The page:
Facing a well-funded opponent backed by the Democratic Congressional Campaign Committee, two grassroots Democrats have bowed out of the 13th Congressional District race.
The 13th, considered the most competitive of North Carolina’s 13 congressional districts, has drawn the interest of Swing Left, a political action committee that coordinates resources to try to mobilize Democratic voters in vulnerable Republican-held districts.
Scarcely a month after Kathy Manning, a Greensboro philanthropist and lawyer announced plans to run for the seat, the Democratic Congressional Campaign Committee added her to its “Red to Blue” program, described as “a highly competitive and battle-tested program at the DCCC that arms top-tier candidates with organizational and fundraising support to help them continue to run strong campaigns.”
Manning, who formerly headed the Jewish Federations of North America, reported to the Federal Election Commission that she raised $530,000 through the end of 2017, including $7,000 from Democratic Whip Steny Hoyer and a political action committee he founded.
Bruce Davis, the Democratic Party’s nominee for the 13th Congressional District in 2016, said Monday that he decided not to run this time around because of the exorbitant cost of the seat. Davis, a former Democratic Guilford County commissioner, raised $94,642 over the course of the 2016 campaign, including $22,000 loaned from the candidate. Ted Budd, who is now a first-term incumbent in the district, raised a total of $611,329, while the conservative Club for Growth PAC lavished $500,000 in independent expenditures on television advertising to support the candidate in the Republican primary. Davis lost the general election to Budd by 12.2 points. While his candidacy provided an object lesson in how difficult it is for an under-financed candidate to compete, his point spread was still the smallest of the 10 Republican-leaning congressional races in North Carolina.
“My biggest reason for not running is it costs too much money,” said Davis, who operates a daycare with his wife in High Point. “I invested a lot of my personal funds in that last race and had some debts that I had to pay off after the race. Of course, the money dried up, but I was still holding a lot of debt that I had to pay. Thankfully, I’ve paid off all that debt, much of it from my personal funds. It’s unfortunate that these seats go the highest bidder, but that’s what it’s turned into.”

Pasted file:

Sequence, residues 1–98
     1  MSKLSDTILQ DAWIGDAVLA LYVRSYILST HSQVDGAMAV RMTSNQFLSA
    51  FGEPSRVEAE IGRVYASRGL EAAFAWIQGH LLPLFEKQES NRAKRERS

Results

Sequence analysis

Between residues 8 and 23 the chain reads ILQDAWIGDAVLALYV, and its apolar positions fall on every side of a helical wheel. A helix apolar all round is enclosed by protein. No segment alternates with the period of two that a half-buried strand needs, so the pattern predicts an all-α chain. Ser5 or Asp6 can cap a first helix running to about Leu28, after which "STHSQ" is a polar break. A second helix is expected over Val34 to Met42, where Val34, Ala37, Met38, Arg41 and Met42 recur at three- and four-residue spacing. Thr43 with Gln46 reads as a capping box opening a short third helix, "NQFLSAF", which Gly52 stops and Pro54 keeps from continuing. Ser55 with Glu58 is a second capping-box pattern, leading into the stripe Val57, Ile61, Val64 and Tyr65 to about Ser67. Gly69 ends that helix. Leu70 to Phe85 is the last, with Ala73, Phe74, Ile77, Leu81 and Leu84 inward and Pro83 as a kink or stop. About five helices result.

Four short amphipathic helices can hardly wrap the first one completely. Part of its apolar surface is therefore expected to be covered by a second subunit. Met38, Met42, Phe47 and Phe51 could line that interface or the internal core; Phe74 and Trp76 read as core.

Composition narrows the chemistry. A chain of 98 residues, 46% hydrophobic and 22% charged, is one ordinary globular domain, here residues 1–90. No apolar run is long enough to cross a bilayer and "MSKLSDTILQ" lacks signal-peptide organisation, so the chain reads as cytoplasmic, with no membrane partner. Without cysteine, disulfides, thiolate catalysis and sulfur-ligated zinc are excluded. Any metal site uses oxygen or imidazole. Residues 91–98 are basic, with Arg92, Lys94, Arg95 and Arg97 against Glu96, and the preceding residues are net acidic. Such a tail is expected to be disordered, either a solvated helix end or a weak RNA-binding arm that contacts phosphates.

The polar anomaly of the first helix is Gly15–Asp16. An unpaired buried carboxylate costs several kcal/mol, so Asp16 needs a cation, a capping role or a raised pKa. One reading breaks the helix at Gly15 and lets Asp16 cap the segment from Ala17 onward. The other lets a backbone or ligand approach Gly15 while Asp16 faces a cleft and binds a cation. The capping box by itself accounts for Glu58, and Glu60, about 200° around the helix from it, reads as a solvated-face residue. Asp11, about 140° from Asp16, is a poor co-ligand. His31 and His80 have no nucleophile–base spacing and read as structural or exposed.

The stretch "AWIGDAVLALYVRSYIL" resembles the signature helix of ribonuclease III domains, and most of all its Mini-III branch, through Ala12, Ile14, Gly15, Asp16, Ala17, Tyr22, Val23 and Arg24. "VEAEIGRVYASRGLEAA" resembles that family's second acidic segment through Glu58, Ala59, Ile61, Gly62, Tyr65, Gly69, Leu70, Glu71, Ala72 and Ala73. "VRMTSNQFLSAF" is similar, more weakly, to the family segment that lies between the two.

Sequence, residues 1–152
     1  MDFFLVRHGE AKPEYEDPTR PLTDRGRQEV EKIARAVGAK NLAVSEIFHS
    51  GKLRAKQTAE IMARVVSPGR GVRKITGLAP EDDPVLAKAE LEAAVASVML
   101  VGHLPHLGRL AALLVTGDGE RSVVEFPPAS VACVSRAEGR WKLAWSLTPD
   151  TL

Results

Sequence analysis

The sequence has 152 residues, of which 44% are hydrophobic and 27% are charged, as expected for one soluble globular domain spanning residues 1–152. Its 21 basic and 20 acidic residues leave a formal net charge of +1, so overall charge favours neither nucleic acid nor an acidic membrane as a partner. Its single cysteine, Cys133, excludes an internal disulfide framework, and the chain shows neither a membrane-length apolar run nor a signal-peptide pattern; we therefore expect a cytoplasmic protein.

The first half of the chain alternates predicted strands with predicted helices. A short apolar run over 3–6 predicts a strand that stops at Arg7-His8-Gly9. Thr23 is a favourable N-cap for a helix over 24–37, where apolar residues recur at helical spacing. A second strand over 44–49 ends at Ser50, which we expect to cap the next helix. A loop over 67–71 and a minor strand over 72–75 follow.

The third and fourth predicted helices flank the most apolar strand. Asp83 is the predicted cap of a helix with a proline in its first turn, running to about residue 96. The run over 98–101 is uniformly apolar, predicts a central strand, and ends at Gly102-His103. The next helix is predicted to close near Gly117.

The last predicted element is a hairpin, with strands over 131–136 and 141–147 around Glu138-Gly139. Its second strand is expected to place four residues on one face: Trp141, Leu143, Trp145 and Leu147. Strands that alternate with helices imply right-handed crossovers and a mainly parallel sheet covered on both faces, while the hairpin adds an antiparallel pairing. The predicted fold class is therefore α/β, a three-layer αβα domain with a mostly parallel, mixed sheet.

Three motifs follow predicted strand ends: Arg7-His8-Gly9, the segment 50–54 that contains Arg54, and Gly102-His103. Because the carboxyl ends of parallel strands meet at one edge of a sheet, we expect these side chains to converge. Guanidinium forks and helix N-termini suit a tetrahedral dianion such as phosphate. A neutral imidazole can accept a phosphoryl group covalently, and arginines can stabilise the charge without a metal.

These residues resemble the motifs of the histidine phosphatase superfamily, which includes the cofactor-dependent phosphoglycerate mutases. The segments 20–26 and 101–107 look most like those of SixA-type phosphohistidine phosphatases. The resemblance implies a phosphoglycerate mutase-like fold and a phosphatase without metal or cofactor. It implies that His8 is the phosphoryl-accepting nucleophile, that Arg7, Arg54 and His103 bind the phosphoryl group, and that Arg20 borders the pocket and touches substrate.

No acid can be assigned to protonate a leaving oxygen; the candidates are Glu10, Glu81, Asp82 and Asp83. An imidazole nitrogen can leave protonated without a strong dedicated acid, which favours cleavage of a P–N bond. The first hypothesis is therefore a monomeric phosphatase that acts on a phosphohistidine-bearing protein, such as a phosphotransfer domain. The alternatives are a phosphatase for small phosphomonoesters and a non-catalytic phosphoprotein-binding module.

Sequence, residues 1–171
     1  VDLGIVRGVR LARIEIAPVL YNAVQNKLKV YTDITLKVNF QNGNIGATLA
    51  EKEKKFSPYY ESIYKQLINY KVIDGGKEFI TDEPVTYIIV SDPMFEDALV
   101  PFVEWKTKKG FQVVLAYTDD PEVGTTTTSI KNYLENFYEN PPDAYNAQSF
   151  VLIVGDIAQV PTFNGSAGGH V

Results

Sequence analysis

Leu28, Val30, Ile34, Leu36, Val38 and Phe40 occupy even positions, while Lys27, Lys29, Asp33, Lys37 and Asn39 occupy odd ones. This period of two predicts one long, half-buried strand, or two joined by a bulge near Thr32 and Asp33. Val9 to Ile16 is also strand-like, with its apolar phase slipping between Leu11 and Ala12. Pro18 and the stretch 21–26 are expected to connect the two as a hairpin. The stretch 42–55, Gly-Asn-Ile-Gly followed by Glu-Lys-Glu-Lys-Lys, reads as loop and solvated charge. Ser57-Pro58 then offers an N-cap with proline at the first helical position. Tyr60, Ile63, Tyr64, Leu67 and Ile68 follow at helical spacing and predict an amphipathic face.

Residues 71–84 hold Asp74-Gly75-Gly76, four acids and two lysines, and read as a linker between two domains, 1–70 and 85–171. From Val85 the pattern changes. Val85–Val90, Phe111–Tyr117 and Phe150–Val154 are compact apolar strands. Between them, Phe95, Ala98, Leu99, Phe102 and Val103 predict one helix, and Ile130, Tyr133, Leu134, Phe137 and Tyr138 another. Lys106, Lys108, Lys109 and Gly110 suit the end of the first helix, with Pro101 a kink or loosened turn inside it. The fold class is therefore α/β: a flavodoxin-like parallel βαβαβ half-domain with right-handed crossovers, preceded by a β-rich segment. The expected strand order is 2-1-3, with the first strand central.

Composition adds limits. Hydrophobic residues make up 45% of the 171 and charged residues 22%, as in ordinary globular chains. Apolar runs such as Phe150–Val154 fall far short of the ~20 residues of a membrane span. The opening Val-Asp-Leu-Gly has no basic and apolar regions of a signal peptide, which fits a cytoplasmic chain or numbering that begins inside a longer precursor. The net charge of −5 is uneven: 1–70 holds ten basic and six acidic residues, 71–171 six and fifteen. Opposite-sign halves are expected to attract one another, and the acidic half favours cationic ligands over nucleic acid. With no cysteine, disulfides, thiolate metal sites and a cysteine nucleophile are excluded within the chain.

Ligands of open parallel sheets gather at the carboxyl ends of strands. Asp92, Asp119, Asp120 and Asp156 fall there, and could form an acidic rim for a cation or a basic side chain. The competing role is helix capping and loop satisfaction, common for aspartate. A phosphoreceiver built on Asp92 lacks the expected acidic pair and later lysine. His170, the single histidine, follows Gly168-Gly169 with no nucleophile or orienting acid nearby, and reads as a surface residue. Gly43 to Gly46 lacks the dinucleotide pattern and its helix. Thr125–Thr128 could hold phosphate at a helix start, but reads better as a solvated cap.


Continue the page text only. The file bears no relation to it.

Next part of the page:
Beniah McMiller, an instructor at Mitchell Community College in Statesville, announced on his Facebook page on Sunday that he is also suspending his bid for Congress in the 13th Congressional District, writing, “We have decided that this time it is more important to lead at home instead of abroad. Therefore we will be filing to run for North Carolina’s 34th Senate District seat.”
McMiller previous told Triad City Beat that he had been campaigning for the congressional seat since January 2017. McMiller and his wife met with Democrats in all five counties covered by the district over the course of the year.
“We sat down with Latino voters, we sat down with women voters — different demographics — going to churches,” McMiller said. “We just started off by listening. You can gain folks’ trust if you’re willing to have an honest conversation. I tell them: ‘I’d like to hear your concerns and how you think things are going.’”
McMiller’s campaign committee showed no fundraising on the Federal Elections Commission website.
Davis said McMiller, who is also black, is wise to not go up against Manning’s fundraising juggernaut.
“I think it’s smart that Beniah would delay his quest for a Congressional seat that costs so much money,” Davis said. “It’s very difficult for especially African Americans to raise that much money. The record shows that African Americans have a hard time raising money to contest congressional and even state legislative seats.”
One longtime contender for the 13th Congressional District seat has not been deterred by Manning’s decision to enter the race.
Adam Coker, a truck driver who placed third in the 2016 Democratic primary, filed again for the 13th Congressional District on Feb. 23.
“From securing investments and loans as a banker, to starting a small business in a recession because there were no jobs to crossing the country hundreds of times driving trucks delivering our prized furniture, to growing food to put food on our tables raising cattle and other animals, to working in restaurants or framing houses, I have struggled alongside my fellow North Carolinians all my life. I know the value of hard work and the dignity it brings. I know how heavy all our burdens have become in so many battlefields we find ourselves.
Coker, who has reported raising $27,154 through Dec. 31, said, “As your representative I will not be beholden to wealthy donors and lobbyists. I will work tirelessly to move all of us forward, to secure a future for all of us. I will not play on the fears of people but will call on all our communities as well as our leaders in Washington to be our higher selves. I will stand with all people committed to decency, fairness and justice.”
Manning, described in a campaign email as a “business and community leader,” filed on Feb. 21.
“I’ve lived in Greensboro for over 30 years and have spent the last several months traveling across our community listening to the concerns of people living in the 13th District,” she said. “Our community deserves bold leadership in Congress — not someone like Ted Budd, who is bought and paid for by special interests and only comes around in our community when there’s an election soon. We need better paying jobs, more affordable healthcare, and increased access to quality education to ensure our children are ready for the jobs of tomorrow. I’ve spent my career bringing people together to solve tough problems — it’s time for Congress to do the same.”
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